To date, Israel’s response has been dismissive. The apartheid allegation has been met by accusations of antisemitism, and these responses have been rejected by Palestinian advocates and their supporters in turn. Yet the debate reveals uncomfortable truths both for those making the allegation, as well as for Israel itself. For Israel and its supporters, after more than 60 years of military administration in the West Bank, a conversation that frames discrepancies in treatment of Israelis and Palestinians by reference to a discourse of institutional discrimination is inherently unavoidable. An apartheid comparison may not necessarily be antisemitic per se as, for example, Nazi comparisons are. Palestinians’ rights are curtailed in “Area C” of the West Bank, which is under Israeli effective control (as established by the Oslo Accords, witnessed and endorsed by representatives of the international community as well as the UN Security Council), and Palestinians and Israelis are subject to separate systems of law there. It is reasonable to expect Israel (or any democracy respectful of the rule of law) to provide objective and substantive justifications for the imposition of prolonged restrictions in areas under its overall control, and to expect criticism for a failure to do so.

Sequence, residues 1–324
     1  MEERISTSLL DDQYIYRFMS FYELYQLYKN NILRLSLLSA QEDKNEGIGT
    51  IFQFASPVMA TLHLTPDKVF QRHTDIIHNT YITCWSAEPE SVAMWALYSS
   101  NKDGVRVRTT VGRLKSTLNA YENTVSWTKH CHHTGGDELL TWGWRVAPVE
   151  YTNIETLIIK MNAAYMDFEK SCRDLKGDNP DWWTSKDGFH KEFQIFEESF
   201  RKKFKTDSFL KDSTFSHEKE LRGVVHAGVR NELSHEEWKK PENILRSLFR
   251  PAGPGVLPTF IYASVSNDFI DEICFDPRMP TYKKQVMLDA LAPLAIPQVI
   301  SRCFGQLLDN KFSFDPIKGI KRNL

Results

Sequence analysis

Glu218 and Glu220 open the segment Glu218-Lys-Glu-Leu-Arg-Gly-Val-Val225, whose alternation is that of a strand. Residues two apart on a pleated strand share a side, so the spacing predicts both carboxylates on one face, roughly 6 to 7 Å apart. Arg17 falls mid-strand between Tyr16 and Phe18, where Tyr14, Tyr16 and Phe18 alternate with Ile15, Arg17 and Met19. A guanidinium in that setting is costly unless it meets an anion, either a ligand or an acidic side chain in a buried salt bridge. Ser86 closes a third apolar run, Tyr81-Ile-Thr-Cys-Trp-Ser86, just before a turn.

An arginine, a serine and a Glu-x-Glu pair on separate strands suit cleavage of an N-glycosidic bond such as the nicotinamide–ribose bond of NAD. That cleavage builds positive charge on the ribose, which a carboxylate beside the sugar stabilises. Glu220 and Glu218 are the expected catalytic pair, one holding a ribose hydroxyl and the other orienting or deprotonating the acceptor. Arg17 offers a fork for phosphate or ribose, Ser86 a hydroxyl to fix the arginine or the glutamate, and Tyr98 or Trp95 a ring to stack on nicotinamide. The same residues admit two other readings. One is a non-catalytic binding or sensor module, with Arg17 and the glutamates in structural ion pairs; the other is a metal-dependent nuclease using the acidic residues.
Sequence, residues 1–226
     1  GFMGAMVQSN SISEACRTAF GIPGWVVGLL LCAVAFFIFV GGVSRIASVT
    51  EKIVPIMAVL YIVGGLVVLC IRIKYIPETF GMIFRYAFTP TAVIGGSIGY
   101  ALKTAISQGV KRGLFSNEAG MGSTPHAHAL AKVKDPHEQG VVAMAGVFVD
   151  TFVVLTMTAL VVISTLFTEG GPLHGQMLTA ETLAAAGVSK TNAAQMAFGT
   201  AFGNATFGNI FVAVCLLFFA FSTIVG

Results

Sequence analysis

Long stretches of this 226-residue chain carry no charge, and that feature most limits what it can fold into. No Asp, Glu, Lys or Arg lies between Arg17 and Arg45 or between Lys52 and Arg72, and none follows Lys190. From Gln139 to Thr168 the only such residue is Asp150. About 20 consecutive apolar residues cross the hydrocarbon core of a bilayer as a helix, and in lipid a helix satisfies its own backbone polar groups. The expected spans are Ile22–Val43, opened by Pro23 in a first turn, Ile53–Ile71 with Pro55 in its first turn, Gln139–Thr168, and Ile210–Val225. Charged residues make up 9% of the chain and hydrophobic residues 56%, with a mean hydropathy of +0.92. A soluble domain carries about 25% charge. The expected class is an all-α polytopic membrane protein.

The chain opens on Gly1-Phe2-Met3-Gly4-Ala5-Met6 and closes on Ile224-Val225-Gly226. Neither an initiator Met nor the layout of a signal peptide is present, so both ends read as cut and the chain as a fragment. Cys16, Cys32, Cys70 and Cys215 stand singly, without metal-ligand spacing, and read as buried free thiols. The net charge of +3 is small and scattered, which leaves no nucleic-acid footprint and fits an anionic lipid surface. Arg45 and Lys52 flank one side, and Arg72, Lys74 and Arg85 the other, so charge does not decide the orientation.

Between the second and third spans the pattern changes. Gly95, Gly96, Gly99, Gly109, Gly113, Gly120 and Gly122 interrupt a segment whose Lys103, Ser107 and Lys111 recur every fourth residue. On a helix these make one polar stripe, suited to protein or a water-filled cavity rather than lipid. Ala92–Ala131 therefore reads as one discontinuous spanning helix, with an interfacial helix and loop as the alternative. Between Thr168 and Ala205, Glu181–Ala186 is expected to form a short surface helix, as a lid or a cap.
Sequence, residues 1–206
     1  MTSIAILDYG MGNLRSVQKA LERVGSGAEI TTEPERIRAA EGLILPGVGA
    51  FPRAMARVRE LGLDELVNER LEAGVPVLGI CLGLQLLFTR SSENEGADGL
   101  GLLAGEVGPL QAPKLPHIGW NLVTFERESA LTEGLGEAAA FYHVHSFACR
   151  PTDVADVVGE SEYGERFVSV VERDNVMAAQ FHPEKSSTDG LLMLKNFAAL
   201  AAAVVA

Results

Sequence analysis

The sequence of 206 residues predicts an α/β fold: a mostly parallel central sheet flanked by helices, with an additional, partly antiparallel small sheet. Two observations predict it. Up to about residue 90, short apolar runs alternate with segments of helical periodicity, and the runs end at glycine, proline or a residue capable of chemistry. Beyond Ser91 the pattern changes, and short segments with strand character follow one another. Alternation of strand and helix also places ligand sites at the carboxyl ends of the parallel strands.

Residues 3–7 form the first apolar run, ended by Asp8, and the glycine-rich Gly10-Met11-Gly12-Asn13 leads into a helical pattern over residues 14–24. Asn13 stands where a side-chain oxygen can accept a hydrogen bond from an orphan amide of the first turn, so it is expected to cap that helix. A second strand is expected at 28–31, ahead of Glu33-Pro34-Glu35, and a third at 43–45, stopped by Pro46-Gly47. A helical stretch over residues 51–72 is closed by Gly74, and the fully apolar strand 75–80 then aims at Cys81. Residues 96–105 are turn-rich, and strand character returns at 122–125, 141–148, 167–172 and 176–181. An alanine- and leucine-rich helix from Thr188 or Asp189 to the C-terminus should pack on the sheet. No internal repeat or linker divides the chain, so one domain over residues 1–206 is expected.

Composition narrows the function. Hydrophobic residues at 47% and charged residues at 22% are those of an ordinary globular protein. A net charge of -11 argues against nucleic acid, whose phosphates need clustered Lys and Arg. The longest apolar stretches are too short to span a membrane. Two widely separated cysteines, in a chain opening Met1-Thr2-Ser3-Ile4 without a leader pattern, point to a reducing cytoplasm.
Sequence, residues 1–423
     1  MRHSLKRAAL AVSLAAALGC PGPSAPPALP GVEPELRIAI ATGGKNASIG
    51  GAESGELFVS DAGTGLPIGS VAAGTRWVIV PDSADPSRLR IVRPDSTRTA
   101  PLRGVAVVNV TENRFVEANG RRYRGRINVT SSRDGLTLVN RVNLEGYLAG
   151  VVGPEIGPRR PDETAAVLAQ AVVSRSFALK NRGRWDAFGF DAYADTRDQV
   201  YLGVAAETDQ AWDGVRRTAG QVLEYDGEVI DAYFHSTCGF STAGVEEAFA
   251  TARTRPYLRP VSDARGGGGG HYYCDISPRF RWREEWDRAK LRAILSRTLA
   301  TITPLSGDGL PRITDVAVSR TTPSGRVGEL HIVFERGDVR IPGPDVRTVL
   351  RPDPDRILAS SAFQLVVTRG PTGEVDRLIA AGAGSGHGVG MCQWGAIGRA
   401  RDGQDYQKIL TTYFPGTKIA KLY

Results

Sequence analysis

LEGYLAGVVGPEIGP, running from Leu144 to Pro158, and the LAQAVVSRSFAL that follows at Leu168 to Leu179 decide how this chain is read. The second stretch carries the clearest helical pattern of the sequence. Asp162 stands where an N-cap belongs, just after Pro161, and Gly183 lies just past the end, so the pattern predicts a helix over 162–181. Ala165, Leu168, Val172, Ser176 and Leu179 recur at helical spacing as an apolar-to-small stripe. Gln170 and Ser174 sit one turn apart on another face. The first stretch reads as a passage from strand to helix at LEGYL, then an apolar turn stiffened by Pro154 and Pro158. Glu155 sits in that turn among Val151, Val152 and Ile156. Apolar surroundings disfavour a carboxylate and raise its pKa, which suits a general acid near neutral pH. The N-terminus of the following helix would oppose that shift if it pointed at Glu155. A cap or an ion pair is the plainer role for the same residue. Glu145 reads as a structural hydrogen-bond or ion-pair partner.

On the other hand, the discourse of apartheid framed by those accusing Israeli officials of the crime often employs classical, antisemitic, tropes and themes, and frequently evokes maximalist claims of a resistance struggle spanning “from the river to the sea.” Such rhetoric constitutes a fundamental impediment to a negotiated solution to the Israeli-Palestinian conflict based on territorial compromise. Unsurprisingly, therefore, this discourse is viewed with significant yet reasonable concern by many Jewish communities in Israel and in the diaspora.